"Today's verdict reinforces what another jury found last year, and what scientists with the state of California and the World Health Organization have concluded: Glyphosate causes cancer in people," Environmental Working Group President Ken Cook said in a statement. "As similar lawsuits mount, the evidence will grow that Roundup is not safe, and that the company has tried to cover it up."
Judge Vince Chhabria has split Hardeman's trial into two phases. The first, decided Tuesday, focused exclusively on whether or not Roundup use caused the plaintiff's cancer. The second, to begin Wednesday, will assess if Bayer is liable for damages.
"We are disappointed with the jury's initial decision, but we continue to believe firmly that the science confirms glyphosate-based herbicides do not cause cancer," Bayer spokesman Dan Childs said in a statement reported by The Guardian. "We are confident the evidence in phase two will show that Monsanto's conduct has been appropriate and the company should not be liable for Mr. Hardeman's cancer."
Some legal experts said that Chhabria's decision to split the trial was beneficial to Bayer, Reuters reported. The company had complained that the jury in Johnson's case had been distracted by the lawyers' claims that Monsanto had sought to mislead scientists and the public about Roundup's safety.
However, a remark made by Chhabria during the trial and reported by The Guardian was blatantly critical of the company.
"Although the evidence that Roundup causes cancer is quite equivocal, there is strong evidence from which a jury could conclude that Monsanto does not particularly care whether its product is in fact giving people cancer, focusing instead on manipulating public opinion and undermining anyone who raises genuine and legitimate concerns about the issue," he said.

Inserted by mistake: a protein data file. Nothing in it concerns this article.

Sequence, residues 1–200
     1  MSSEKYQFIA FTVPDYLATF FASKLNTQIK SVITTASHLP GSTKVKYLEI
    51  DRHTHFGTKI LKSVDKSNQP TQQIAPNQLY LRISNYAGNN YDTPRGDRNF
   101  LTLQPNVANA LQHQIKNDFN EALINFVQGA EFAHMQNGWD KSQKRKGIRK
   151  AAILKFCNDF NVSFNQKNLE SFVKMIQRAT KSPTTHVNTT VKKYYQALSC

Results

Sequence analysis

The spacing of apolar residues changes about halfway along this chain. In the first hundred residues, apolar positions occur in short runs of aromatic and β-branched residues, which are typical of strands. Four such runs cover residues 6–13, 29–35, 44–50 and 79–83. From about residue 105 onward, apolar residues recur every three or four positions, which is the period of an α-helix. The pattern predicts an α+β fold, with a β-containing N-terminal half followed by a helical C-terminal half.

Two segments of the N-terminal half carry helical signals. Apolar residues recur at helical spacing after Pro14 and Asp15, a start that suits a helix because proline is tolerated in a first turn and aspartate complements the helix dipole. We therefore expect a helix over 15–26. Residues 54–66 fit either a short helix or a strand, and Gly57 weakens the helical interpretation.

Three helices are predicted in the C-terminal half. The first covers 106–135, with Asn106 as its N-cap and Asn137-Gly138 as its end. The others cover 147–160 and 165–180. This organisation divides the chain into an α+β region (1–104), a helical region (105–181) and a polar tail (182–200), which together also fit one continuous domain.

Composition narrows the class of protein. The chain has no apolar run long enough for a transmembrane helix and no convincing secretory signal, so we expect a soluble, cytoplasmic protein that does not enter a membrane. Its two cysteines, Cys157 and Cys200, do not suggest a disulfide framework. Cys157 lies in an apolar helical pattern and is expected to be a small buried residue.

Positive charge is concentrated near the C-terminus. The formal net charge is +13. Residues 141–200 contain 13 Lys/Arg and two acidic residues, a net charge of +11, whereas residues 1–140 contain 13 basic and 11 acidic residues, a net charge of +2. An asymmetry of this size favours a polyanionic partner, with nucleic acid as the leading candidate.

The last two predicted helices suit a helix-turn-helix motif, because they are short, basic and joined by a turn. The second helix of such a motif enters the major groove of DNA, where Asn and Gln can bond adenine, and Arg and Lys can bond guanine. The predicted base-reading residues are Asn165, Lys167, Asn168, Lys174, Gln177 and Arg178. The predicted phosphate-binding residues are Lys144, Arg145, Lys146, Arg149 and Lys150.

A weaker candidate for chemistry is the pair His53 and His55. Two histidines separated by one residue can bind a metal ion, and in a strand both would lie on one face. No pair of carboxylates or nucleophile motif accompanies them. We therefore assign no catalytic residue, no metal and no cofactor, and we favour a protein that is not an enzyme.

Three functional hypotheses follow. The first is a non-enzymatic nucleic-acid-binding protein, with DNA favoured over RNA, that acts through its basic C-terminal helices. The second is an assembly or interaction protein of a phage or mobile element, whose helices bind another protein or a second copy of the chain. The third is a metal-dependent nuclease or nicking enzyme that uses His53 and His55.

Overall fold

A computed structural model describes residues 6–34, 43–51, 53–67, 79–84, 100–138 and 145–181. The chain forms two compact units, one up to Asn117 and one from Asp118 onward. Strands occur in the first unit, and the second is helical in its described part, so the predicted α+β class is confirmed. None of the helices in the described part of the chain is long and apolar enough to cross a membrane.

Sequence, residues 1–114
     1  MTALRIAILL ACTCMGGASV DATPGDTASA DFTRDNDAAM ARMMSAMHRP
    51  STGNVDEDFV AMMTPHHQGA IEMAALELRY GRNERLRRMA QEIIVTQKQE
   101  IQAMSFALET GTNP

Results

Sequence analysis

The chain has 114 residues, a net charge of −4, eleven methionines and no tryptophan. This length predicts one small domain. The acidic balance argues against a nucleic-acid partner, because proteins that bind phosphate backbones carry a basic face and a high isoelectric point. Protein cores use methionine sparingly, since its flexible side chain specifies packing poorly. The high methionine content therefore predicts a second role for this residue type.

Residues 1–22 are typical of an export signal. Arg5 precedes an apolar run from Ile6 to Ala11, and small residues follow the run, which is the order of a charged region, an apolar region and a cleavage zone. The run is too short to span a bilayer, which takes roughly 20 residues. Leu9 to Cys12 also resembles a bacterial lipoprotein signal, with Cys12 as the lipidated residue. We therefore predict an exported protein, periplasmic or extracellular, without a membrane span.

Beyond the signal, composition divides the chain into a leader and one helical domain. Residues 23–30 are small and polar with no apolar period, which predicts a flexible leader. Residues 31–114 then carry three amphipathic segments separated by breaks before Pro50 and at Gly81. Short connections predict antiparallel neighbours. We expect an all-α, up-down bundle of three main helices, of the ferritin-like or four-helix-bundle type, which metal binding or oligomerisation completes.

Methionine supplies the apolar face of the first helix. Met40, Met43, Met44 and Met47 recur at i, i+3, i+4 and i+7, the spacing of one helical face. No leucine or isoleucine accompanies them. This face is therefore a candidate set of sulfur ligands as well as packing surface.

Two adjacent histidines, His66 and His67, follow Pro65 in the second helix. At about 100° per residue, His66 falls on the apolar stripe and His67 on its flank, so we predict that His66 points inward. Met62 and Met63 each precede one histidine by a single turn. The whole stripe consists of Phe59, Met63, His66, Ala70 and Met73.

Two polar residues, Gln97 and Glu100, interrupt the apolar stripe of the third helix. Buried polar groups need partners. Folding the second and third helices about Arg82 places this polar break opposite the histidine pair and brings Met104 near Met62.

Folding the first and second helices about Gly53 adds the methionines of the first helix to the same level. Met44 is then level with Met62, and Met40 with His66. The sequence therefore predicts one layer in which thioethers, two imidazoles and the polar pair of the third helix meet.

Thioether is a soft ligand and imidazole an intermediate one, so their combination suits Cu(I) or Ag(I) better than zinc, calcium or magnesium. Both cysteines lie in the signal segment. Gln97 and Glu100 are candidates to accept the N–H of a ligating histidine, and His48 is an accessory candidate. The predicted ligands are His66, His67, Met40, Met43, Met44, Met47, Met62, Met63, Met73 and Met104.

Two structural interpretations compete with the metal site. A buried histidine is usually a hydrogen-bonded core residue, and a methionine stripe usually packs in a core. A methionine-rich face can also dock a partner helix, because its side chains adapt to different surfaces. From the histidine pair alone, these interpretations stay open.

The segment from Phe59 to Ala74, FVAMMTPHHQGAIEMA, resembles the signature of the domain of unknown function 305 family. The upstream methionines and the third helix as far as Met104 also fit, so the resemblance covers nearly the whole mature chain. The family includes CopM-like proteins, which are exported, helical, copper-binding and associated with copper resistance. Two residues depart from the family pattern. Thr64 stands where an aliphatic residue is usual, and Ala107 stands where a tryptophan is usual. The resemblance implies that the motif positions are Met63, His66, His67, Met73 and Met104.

Many regulatory bodies, including the U.S. Environmental Protection Agency, have ruled that glyphosate is safe for humans, but the World Health Organization's International Agency for Research on Cancer found it was "probably carcinogenic to humans" in 2015. A university study earlier this year found that glyphosate use increased cancer risk by as much as 41 percent.
Hardeman's lawyers Jennifer Moore and Aimee Wagstaff said they would now reveal Monsanto's efforts to mislead the public about the safety of its product.
"Now we can focus on the evidence that Monsanto has not taken a responsible, objective approach to the safety of Roundup," they wrote in a statement reported by The Guardian.
Hardeman's case is considered a "bellwether" trial for the more than 760 glyphosate cases Chhabria is hearing. In total, there are around 11,200 such lawsuits pending in the U.S., according to Reuters.
University of Richmond law professor Carl Tobias told Reuters that Tuesday's decision showed that the verdict in Johnson's case was not "an aberration," and could possibly predict how future juries in the thousands of pending cases would respond.